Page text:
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Brenda Crabtree

Brenda Crabtree

Organization: Instituto Nacional de Ciencias Médicas y Nutrición, Salvador Zubirán

Country: Mexico

Brenda Crabtree is an infectious disease physician-scientist who has dedicated her professional life to care of people living with HIV and AIDS. She is an Assistant Professor of the HIV Program (Universidad Nacional Autónoma de México) and a researcher of the HIV clinic of the Infectious Diseases Department at the Instituto Nacional de Ciencias Médicas y Nutrición, Salvador Zubirán. Additionally, she has been included in the National Researchers System since 2012 as part of the National Council for Science and Technology in Mexico.

For more than a decade, Brenda has been an investigator for NIH-sponsored studies, including for the Caribbean, Central and South America network for HIV epidemiology (CCASAnet), the Region 2 of IeDEA Network cohort, and as PI of the Sentinel Research Network. Her main area of research is observational studies of co-morbid infection in HIV. She has participated in most projects of CCASANet, including those focused on sociodemographic and clinical characteristics, such as non-AIDS-related and AIDS-related events in people living with HIV in her region.

Since 2019, Brenda has been a sub-investigator of the MOSAICO trial at the Mexico City site, and since 2020, the ACTG Network CRS coordinator for the Mexican site. Through her work with local, regional and global research networks, she has been able to participate in Phase I-III clinical trials of treatments for HIV and AIDS and opportunistic infections.

She is a current member of the WHO Cryptococcosis Treatment for people living with HIV Guidelines Panel. Nationally, she has been part of the ART treatment national Guidelines Panel, and from 2009 to 2019, participated in the Committee of ART-experienced patients (CORESAR). Brenda has established solid partnerships with the European Network of Hepatitis, HIV and Infectious Diseases (NEAT), Coordinación de Investigación Clínica Académica en Latinoamérica (CICAL), the Kirby Institute and Fundación Huésped in Argentina. She has over 60 peer-reviewed scientific publications. As a Professor, Brenda has mentored more than a dozen HIV and ID fellows.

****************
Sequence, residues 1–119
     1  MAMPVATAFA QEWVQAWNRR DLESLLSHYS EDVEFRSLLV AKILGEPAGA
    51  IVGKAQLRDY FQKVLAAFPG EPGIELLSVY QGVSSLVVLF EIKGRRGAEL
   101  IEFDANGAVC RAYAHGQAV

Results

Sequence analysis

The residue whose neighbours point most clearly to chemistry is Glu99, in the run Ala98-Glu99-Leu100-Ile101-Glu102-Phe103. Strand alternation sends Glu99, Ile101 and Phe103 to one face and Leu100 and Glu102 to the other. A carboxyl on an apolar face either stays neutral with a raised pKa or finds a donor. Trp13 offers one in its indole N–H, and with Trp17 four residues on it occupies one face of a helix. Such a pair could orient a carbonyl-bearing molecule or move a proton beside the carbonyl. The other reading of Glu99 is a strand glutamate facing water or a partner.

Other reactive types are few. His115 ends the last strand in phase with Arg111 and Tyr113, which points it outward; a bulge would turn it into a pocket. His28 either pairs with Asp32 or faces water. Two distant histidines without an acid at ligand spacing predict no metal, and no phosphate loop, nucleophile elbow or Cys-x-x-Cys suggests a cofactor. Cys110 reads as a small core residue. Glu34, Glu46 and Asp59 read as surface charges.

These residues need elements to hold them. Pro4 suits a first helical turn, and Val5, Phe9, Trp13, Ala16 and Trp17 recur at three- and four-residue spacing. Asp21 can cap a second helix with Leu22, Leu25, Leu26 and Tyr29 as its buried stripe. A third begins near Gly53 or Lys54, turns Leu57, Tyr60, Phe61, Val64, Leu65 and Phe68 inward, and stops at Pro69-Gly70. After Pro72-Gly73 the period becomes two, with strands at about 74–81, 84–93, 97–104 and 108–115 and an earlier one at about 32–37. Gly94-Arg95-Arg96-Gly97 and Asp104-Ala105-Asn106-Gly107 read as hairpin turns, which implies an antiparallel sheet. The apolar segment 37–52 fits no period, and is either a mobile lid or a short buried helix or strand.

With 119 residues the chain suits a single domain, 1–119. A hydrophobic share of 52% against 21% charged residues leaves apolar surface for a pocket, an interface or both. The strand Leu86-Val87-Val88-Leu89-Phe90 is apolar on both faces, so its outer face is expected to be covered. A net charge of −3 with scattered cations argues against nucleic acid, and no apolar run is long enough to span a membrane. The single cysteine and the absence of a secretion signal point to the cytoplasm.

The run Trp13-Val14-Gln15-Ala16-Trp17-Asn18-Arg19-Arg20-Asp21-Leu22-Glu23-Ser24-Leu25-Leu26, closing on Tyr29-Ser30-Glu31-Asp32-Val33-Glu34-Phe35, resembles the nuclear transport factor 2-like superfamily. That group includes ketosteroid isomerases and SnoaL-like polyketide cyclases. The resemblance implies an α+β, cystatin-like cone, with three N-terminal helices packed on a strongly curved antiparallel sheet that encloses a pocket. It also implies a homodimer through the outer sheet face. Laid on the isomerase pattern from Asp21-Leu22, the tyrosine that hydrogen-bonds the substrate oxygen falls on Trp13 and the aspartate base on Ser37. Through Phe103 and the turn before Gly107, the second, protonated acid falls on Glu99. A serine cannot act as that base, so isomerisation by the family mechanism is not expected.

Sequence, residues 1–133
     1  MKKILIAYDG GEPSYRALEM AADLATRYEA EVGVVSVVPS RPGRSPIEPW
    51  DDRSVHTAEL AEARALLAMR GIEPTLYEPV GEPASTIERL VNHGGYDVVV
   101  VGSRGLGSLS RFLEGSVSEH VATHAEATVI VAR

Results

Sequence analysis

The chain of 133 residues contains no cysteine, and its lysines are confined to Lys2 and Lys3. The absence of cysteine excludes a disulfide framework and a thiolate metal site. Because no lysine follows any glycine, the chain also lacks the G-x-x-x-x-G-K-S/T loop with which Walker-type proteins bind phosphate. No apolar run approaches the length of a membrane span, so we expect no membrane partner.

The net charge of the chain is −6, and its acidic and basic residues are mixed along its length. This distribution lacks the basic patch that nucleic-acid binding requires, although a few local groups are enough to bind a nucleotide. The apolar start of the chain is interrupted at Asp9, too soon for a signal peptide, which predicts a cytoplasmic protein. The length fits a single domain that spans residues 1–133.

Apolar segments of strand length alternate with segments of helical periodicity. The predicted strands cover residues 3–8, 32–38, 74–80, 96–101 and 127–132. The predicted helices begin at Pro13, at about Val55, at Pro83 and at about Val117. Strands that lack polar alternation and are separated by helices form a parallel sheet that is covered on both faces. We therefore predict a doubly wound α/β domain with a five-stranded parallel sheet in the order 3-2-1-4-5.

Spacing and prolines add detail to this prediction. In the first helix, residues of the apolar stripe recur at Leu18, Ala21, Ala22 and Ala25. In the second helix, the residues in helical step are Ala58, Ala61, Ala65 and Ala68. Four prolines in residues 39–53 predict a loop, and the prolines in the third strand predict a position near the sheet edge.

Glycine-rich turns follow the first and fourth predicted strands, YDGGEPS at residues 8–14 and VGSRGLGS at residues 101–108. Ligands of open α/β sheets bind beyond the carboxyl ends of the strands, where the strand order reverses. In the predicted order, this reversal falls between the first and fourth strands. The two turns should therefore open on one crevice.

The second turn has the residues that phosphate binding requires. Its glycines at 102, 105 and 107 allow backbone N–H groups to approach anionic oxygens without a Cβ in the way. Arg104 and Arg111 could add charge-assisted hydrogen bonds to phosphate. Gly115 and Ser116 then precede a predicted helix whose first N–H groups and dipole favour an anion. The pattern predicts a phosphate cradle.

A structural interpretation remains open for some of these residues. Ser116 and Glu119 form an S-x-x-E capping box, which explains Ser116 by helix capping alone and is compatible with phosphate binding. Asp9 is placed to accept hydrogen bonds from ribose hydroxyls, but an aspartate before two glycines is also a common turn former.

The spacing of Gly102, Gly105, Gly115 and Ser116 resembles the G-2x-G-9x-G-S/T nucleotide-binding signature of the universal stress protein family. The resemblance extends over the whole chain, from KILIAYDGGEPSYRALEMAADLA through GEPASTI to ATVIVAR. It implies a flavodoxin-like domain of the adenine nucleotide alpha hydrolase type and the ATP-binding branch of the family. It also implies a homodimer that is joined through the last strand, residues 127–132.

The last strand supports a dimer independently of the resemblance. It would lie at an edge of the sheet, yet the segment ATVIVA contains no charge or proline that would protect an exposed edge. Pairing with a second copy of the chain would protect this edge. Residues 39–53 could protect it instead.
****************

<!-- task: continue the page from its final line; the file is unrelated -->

Brenda is strongly committed to advocating for human rights, inclusion and gender equity. As a female researcher from a middle-income country in Latin America, she has witnessed the unequal representation of women in academic and scientific events, HIV clinical trials and research grant opportunities. One of her missions as the Local Chair at IAS 2019 was to have an equal representation of women in science during the meeting. Since then, she has been part of various panels and interacted with several stakeholders and institutions to advocate for this purpose. More recently, she served on the first Committee of Gender Equality at the INCMNSZ. Brenda has attended all IAS conferences since she started her career in HIV in 2007.

Brenda says that Latin America is a unique, heterogeneous region where inequity, violence and migration threaten the HIV continuum of care every day. The COVID-19 pandemic profoundly affected the region, and HIV health providers and researchers have been responsible for addressing the needs of care and generation of evidence-based knowledge during the past two years. More solid health systems and leadership must be in place to overcome future pandemics, she says. Therefore, there is an urgent need to change to a new generation of HIV physicians and researchers that strongly advocate for better health systems, policies and inequities.

Finally, while she continues training and inspiring young professionals and women in science, as a member of the IAS Governing Council, she will advocate for improving HIV care and demand that policy makers follow the science to impact the HIV epidemic in the Latin America region and worldwide.

The IAS promotes the use of non-stigmatizing, people-first language. The translations are all automated in the interest of making our content as widely accessible as possible. Regretfully, they may not always adhere to the people-first language of the original version.